Q: My stepdaughter is a scientist working to gain a reputation in a competitive field that monitors a diminishing resource. Part of her job is to present her findings to various stakeholders. Occasionally, when giving a presentation of her findings, her credibility is attacked by colleagues or by people whose jobs are limited by her findings. Recently, she was attacked for her study methods, but she had strictly followed standard practices. She felt like a deer in the headlights, which is not a positive place to be.
She would like to develop strategies and attitudes for defending herself and her work. What recommendations do you have for her?
A: Your stepdaughter has chosen a fascinating and challenging career as a scientific researcher. Along with the challenge of conducting research, having to answer to a higher authority opens one to the potential of business challenges as well as challenges presented by colleagues. Since her research results may limit the livelihoods of others in the field or reduce the profits of stakeholders, it would be naive to assume those affected would take it lightly.
In "Loonshots: How to Nurture the Crazy Ideas That Win Wars, Cure Diseases, and Transform Industries," Dr. Safi Bahcall presents real life situations and explanations for what causes groups either to embrace or attack new ideas, regardless of incomplete testing or potential good that could result from further research. With a B.A. in physics from Harvard, a Ph.D. from Stanford and a Miller Research Fellowship at UC Berkeley, Bahcall exposes the frustration people experience when business leaders or fellow scientists halt further research that could potentially change the future. Using both business and science, and after a three-year stint consulting for McKinsey, Bahcall co-founded a biotechnology company developing new drugs for cancer. He led its IPO and served as the company's CEO for 13 years. In 2008, he was named Ernst & Young New England Biotechnology Entrepreneur of the Year. With Bahcall's genius of combining business knowledge with physics and psychology, he discovered the behavioral causes for many of the monumental financial losses in business. Bahcall defines a loonshot as "a neglected project, widely dismissed, its champion written off as unhinged."
The five laws of loonshots set the stage for caution in business and science.
The first law: the mindset. Bahcall writes, "Failing to understand the surprising fragility of the loonshot — assuming that the best ideas will blast through barriers, fueled by the power of their brilliance — can be a very dangerous mistake, as the US learned in the Second World War."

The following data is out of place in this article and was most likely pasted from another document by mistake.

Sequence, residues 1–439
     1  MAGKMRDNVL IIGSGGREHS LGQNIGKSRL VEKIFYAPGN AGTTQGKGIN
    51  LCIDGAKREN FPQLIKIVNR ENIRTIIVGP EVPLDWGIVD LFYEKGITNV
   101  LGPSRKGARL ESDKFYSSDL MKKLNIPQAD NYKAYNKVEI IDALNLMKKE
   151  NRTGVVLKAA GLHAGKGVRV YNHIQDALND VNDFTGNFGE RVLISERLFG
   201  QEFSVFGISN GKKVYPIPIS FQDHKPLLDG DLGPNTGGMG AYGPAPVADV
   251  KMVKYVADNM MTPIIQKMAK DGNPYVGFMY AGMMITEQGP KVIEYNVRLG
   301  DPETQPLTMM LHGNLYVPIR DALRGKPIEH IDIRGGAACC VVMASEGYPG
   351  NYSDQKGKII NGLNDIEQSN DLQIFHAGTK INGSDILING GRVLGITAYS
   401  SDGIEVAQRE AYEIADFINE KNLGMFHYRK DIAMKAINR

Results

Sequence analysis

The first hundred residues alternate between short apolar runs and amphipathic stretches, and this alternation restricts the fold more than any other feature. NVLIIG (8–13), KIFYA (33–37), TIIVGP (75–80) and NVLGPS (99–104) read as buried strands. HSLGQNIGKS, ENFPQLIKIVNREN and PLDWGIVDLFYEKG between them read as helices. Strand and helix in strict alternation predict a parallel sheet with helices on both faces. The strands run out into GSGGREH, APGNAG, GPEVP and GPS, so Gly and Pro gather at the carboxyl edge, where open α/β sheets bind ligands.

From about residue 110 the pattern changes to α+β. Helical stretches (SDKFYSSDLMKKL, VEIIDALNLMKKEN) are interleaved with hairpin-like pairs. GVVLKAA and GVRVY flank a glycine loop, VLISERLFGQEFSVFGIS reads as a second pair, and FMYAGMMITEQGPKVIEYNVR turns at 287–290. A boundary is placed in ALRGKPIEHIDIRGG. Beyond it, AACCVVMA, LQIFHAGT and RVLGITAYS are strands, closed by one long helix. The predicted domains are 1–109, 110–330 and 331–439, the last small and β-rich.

The second law: "Mind the false fail." Scientist Akira Endo experimented with statins to lower cholesterol. He tested the drug on rats, which is the first animal typically used in experimentation. The statins failed to lower cholesterol. What he didn't realize at the time was that it was a "false fail." Rats have mostly good cholesterol and very little bad cholesterol. Endo later tested statins on hens, which resulted in a success. Hens have both good and bad cholesterol — similar to humans. Testing on the wrong animal caused a "false fail," and created a $300 billion loss for the company. Due to the successful testing on hens, statins have shown a three-decade decline in deaths from heart disease. Another company permanently shut down its statin testing due to a "false fail," which removed the drug company from the competition. Bahcall explains, "The most important breakthroughs aren't showered with tools and money and offers of help. They pass through long dark tunnels of skepticism and uncertainty, crushed or neglected; their champions often dismissed as crazy."
The third law: "Listen to the suck with curiosity (LSC)" means investigate the false fail. The massive weight of teams and committees will use any failure as an excuse to end a project and crush a fragile loonshot before its time.
The fourth law: "Forget culture; create an innovative structure." The iron-hand leader approach is rarely, if ever, successful. Rules and creativity do not make peaceful and productive partnerships.
The fifth and final law: "Be a gardener, not a Moses." A gardener focuses on and values the growth and development required for a creative idea to bloom. Loonshots are creative and brilliant ideas that must be allowed time to develop, and business leaders that hope to succeed must offer researchers the time to cultivate their hopes in order to change the world for the better. To do this, people must be given freedom and a chance to fail before succeeding.
Email career and life coach: [email protected] with your workplace problems and issues. Ms. Novak responds to all emails. For more information, visit www.lindseynovak.com and for past columns, see www.creators.com/read/At-Work-Lindsey-Novak.
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